(...) it’s one particular area of Nimoy’s art and activism that, for me, transcended appreciation and actually changed my life, and I’m surprised by how few people in my circle know about it. In 2007, Nimoy published a collection of photographs he titled The Full Body Project. The photos are in black and white, and they feature a group of women laughing, smiling, embracing, gazing fearlessly into the camera. In one, they sway indolently like the Three Graces; in another they recreate Herb Ritts’s iconic pile of supermodels. The women are naked, and the women are fat.
When Nimoy’s photos took their first brief viral trip around the internet, I clicked, I skimmed, I shrugged, I clicked away.
I clicked back.
I couldn’t stop looking. It was the first time in my life – I realise in retrospect – that I’d seen bodies like mine honoured instead of lampooned, presented with dignity instead of scorn, displayed as objects of beauty instead of as punchlines. It feels bizarre to put myself back in that headspace now (and even more bizarre to register just how recent it was), but looking at Nimoy’s photographs was my very first exposure to the concept that my body was just as deserving of autonomy and respect as any thin body. Not only that, but my bigness is powerful.
Up until that point, I conceived of myself as an unfinished thing – a life suspended until I could fix what was wrong with me. It’s how fat people are conditioned to feel: you’re not a person, you’re a before picture. You have no present and no future; you’re trapped for ever in a shameful past. As a woman, the shame is compounded, because women have an aesthetic duty, too.
(...) for me, Nimoy’s Full Body Project was the first piece of media that told me I had any intrinsic value. Denying people access to value is an incredibly insidious form of emotional violence, one that our culture wields aggressively and liberally to keep marginalised groups small and quiet. Everything in my life – my career, my relationships, my health, my bank account, my sleep schedule, my wardrobe – has got better since I began fighting that paradigm. I live long, and I prosper. Thank you, Leonard.
Lindy West, excerpts via/full article: LINK
The average American woman, according to articles I've read, weighs 25 per cent more than the models who are showing the clothes they are being sold. So, most women will not be able to look like those models. But they're being presented with clothes, cosmetics, surgery, diet pills, diet programs, therapy, with the idea that they can aspire to look like those people. It's a big, big industry. Billions of dollars. And the cruelest part of it is that these women are being told, 'You don't look right.'Leonard Nimoy spent eight years working on his "Fully Body Project" which he published in 2007. He photographed members of the plus-sized burlesque group "The Fat-Bottom Revue" in the nude. Nimoy wanted to portray proud women who were dancing and laughing, he wanted to show that beauty could be found in different body types since he was disturbed by the fact that overweight women had "this terrible feeling about themselves" (via). As some observed, Leonard Nimoy boldly went where no (or hardly any) photographer had gone before (via).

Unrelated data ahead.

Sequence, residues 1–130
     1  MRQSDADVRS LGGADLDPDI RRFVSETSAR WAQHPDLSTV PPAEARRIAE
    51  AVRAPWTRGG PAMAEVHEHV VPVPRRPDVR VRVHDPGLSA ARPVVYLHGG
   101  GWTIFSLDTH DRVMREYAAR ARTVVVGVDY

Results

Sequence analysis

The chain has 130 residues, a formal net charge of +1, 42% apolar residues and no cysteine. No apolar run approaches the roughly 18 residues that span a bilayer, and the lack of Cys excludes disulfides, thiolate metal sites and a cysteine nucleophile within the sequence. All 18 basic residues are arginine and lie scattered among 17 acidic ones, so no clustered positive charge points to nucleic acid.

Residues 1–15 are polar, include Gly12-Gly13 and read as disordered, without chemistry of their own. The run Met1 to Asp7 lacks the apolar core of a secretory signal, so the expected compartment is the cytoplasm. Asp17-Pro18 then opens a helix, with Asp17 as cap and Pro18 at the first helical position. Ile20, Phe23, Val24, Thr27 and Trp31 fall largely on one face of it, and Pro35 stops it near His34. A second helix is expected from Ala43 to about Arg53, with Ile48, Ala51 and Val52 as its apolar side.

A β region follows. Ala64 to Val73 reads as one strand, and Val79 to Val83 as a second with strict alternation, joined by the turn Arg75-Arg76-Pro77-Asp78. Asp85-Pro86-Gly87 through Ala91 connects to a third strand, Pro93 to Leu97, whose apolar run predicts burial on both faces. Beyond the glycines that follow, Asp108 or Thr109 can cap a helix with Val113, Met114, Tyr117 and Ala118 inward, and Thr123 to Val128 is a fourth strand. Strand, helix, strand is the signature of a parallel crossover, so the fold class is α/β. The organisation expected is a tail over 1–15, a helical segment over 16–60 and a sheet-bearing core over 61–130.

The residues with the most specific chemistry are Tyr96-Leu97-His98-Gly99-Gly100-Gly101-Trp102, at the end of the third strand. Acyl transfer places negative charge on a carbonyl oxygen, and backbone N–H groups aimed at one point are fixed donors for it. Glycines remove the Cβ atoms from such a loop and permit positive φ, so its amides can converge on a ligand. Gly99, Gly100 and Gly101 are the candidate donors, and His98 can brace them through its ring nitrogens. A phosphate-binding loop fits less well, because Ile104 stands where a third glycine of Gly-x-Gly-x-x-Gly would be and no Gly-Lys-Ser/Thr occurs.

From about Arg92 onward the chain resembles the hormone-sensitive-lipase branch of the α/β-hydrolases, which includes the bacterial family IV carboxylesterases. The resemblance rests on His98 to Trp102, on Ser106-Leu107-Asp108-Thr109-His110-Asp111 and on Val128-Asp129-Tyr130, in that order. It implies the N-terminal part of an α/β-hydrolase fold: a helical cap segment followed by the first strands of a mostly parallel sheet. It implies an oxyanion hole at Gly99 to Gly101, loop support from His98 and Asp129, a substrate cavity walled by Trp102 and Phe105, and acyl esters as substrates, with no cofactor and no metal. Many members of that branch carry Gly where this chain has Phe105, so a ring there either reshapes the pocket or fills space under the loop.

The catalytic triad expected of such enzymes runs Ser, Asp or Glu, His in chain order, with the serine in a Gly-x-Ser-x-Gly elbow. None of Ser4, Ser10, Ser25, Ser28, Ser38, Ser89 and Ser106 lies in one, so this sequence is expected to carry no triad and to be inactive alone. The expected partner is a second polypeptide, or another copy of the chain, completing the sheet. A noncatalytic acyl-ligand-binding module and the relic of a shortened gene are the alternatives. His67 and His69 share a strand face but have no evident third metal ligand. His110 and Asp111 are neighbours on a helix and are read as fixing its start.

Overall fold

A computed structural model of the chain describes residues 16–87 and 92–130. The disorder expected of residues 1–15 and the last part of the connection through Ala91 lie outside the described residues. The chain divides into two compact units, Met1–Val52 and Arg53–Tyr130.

In these pictures these women are proudly wearing their own skin. They respect themselves and I hope that my images convey that to others.
In an interview, Nimoy talked about how the project started and how he felt about it:
Actually, it began with an individual lady who came to me after a presentation I was doing. It was a seminar of some previous work. And she said to me you're working with a particular body-type model, which was true at the time. She said, I'm not of that type; I'm of a different body type. Will you be interested in working with me? And she was a very, very large lady. And this was in Northern California - I have a home up there - and we invited her to our studio in the home and photographed her there.
And that was the first time I had photographed a person of that size and shape, that kind of body type, and it was scary. I was uncomfortable, nervous - my wife was there to help. I was not sure exactly how to go about it or whether I would do her justice. I didn't know quite how to treat this figure.
And I think that's a reflection of something that's prevalent in our culture. I think, in general, we are sort of conditioned to see a different body type as acceptable and maybe look away when the other body type arrives. It was my first introduction of that kind of work. And when I showed some of that work, there was a lot of interest. And it led me to a new consciousness about the fact that so many people live in body types that are not the type that's being sold by fashion models.
(...) Heather MacAllister, who formed the group, was an anthropologist by training. And during one of our sessions, I said to her, what are you doing with your anthropological training? And she said, I'm doing this, meaning this Fat-Bottom Revue. And she went on further to say, whenever a fat person steps on stage to perform, and it's not the butt of a joke, that's a political statement. And I found that quite profound.
Leonard Nimoy, excerpts via/full article: LINK
photographs of Leonard Nimoy and Sandra Zober (Westwood, California, 1966) via